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Adidas faces backlash over swimsuit advertisement

An Adidas swimsuit advertising campaign for Pride month is stirring controversy.

The ad, posted on the apparel company's website, features a male-presenting model sporting the brand's "Pride Swimsuit," a colorful, geometric-patterned one-piece. The $70 bathing suit is part of the Adidas x Rich Mnisi Pride Collection, which launched May 15 in connection with this year's upcoming Pride month, a celebration of the LGBTQ community.

South African designer Rich Mnisi, who partnered with Adidas on the Pride-themed apparel line, said in a statement that the collection is "a symbol for self-acceptance and LGBTQIA+ advocacy." 

Adidas did not immediately return CBS MoneyWatch's request for comment. In releasing the swimsuit line, Adidas said it is working to enhance "equity and safety for sport's marginalized communities through advocacy and allyship."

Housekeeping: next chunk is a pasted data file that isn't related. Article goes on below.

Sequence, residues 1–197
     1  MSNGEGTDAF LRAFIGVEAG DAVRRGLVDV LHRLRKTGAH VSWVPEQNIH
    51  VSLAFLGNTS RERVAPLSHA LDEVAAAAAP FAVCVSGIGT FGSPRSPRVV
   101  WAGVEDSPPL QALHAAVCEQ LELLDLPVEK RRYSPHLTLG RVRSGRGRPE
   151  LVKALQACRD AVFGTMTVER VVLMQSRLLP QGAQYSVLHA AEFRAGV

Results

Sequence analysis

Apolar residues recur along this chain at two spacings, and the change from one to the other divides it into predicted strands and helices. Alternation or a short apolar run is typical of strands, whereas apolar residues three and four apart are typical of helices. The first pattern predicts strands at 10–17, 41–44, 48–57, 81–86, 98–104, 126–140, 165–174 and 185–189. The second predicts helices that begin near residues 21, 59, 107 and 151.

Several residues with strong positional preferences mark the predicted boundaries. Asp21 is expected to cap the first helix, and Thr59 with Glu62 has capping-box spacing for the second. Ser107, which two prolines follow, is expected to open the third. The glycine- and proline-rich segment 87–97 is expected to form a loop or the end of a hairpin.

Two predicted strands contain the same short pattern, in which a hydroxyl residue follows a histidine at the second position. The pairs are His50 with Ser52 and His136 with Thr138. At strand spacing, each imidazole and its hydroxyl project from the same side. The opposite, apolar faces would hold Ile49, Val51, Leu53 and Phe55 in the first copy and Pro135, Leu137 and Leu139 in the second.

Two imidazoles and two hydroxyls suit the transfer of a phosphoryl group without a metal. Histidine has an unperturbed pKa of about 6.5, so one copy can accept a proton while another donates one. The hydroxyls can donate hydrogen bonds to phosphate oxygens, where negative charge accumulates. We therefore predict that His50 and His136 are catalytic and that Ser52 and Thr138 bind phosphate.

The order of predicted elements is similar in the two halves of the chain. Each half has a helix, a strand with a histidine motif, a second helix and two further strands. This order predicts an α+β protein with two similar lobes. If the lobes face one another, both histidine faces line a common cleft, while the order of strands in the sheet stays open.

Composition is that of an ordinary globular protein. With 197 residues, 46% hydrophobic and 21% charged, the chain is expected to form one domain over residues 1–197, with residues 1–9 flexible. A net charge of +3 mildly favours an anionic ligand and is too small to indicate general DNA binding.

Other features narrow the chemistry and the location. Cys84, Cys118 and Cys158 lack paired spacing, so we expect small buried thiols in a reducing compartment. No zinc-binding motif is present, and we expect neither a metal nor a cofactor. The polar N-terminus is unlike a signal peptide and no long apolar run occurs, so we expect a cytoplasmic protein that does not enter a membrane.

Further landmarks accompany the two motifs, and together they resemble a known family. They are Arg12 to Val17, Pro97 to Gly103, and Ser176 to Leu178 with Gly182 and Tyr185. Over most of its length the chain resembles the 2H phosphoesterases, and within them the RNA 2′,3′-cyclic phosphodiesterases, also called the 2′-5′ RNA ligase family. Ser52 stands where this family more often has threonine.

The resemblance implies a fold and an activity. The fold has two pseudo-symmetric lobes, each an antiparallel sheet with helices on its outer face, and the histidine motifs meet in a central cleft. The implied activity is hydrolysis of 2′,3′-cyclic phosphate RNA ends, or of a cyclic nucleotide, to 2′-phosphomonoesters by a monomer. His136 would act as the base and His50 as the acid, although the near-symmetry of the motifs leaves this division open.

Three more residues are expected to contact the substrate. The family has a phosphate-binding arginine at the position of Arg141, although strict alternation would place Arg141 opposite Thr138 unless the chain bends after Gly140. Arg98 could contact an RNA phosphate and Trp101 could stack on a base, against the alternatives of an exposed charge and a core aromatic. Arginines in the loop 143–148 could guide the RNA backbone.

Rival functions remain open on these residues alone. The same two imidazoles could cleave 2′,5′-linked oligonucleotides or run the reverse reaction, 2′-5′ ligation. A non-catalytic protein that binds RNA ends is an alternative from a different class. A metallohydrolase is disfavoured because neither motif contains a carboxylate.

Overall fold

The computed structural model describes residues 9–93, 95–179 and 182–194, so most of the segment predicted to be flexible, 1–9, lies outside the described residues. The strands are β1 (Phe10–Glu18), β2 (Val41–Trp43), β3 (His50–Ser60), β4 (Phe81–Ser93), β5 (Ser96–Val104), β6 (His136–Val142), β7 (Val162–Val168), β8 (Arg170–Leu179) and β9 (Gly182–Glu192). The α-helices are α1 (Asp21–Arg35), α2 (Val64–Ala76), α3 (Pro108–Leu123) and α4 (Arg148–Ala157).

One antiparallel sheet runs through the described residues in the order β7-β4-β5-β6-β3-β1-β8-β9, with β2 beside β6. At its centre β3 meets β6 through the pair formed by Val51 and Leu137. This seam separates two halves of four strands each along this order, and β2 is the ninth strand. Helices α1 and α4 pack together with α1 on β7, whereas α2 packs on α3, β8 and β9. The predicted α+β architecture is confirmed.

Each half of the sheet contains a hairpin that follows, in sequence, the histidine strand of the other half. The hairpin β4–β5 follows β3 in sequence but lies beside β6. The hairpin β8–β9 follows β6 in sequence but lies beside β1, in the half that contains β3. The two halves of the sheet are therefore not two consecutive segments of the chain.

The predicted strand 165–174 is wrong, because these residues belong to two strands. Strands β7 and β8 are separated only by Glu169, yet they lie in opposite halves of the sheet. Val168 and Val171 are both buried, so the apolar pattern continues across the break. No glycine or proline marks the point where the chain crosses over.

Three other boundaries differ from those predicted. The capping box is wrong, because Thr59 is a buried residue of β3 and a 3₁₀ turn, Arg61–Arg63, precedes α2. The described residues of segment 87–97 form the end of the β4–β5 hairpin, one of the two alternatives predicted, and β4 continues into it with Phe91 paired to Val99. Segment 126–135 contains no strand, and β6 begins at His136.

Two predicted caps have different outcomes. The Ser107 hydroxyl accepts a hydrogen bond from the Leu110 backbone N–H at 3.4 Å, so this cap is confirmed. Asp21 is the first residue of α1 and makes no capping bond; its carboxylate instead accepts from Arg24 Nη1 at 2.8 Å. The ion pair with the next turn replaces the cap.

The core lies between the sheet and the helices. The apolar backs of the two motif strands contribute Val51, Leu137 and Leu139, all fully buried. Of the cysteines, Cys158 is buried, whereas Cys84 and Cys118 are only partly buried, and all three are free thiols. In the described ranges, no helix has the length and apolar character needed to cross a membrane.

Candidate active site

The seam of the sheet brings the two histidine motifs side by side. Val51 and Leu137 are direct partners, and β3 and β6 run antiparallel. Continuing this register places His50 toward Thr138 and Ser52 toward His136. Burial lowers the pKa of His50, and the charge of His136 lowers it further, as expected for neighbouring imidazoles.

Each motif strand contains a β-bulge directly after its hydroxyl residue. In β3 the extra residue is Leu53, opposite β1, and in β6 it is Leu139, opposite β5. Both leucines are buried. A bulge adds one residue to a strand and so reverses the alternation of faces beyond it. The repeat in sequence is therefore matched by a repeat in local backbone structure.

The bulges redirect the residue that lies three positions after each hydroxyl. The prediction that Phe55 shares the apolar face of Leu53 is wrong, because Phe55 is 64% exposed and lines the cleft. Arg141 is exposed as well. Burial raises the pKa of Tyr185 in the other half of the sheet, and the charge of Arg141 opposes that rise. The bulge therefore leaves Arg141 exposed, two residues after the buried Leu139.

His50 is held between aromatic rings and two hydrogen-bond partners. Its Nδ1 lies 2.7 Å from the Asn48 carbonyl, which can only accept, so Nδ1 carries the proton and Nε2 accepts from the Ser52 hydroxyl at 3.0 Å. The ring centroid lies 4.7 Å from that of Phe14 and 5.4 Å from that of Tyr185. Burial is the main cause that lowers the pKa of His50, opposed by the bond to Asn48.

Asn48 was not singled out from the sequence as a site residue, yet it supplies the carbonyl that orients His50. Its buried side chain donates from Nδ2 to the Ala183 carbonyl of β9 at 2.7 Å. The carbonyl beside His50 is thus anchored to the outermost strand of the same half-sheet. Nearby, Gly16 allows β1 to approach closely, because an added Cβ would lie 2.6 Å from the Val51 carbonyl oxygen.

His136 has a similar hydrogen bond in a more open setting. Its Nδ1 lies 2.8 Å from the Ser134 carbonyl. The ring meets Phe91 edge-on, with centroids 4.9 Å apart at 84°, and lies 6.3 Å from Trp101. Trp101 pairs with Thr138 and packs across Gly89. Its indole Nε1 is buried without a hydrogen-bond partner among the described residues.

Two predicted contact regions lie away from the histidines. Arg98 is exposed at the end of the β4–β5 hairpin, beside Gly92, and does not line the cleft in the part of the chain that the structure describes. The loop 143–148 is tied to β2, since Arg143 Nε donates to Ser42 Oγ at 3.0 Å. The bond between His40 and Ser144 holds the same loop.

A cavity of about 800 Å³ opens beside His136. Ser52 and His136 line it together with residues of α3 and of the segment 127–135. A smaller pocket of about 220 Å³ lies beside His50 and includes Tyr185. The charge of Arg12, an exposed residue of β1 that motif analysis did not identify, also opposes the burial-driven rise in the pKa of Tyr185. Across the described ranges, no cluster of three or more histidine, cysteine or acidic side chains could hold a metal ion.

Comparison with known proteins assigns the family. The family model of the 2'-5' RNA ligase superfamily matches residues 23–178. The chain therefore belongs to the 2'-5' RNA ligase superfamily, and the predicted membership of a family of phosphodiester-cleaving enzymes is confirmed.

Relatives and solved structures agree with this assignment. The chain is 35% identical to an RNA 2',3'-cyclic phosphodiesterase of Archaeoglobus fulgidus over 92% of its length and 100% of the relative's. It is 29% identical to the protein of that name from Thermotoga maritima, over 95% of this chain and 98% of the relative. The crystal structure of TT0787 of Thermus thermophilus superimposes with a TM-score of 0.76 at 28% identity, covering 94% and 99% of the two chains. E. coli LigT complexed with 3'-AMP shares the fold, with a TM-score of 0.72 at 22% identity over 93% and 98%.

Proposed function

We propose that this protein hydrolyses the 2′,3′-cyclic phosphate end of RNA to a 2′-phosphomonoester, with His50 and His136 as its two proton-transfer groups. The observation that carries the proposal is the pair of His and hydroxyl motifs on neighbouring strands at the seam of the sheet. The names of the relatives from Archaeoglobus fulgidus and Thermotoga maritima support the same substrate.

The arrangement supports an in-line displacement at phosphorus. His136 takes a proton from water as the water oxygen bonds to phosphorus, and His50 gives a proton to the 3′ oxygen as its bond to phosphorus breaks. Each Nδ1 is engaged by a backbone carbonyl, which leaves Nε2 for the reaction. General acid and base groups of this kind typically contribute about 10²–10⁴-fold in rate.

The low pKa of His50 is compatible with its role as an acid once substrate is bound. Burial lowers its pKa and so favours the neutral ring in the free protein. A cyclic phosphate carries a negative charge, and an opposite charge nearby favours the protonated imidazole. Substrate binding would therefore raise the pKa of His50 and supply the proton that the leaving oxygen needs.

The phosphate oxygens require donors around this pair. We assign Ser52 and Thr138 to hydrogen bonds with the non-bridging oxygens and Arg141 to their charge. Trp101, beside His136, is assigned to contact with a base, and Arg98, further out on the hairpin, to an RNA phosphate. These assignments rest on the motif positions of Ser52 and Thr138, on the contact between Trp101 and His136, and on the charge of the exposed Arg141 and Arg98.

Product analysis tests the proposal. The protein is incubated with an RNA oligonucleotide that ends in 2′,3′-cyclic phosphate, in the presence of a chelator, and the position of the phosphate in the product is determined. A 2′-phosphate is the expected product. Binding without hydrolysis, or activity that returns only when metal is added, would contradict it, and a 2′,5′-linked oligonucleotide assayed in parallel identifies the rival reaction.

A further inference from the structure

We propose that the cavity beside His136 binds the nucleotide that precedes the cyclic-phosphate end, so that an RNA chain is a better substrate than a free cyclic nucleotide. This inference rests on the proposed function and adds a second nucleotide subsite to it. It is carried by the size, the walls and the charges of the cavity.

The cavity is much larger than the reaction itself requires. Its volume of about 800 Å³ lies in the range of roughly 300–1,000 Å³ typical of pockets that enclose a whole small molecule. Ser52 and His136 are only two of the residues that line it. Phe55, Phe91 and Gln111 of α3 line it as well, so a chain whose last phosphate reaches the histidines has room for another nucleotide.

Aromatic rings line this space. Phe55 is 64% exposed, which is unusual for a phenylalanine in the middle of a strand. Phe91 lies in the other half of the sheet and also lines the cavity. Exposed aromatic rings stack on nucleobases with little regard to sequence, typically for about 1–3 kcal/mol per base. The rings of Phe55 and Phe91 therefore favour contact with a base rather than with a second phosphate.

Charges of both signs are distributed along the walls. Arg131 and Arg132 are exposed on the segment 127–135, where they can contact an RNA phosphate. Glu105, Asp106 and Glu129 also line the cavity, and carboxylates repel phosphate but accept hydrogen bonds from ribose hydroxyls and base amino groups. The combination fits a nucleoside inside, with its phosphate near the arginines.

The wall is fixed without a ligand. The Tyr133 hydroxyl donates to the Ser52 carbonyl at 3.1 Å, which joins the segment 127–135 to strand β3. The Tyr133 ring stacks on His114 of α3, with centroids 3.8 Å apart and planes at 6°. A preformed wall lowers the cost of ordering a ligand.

Some critics took issue with Adidas' ad, with one Twitter user accusing the company of trying to "erase" women. Riley Gaines, a professional swimmer and known critic of transgender women competing in women's sporting events, also weighed in on the controversy.

"What the image says to me is that women don't matter, is that we're not good enough to model even our own swimsuits made specifically for women," Gaines told Fox News. 

But Jay Brown, senior vice president of programs, research and training at advocacy group the Human Rights Campaign, defended Adidas, telling USA Today that such criticism is "just the latest example of an ideology obsessed with erasing LGBTQ+ people."

In recent years, several popular brands have come under fire for using transgender or gender-fluid people in their advertising or for rolling out products that defy traditional gender norms.

In April, Bud Light received backlash for partnering with transgender TikToker Dylan Mulvaney on a March Madness advertisement. Anheuser-Busch InBev, which owns Bud Light, put the brand's marketing vice president and her boss on leave after the promotion resulted in a boycott, according to the Wall Street Journal.

Target also drew criticism last summer for embracing the LGBTQ community when it rolled out an intimate apparel collection featuring chest binders and unisex underwear and swimsuits for Pride month.

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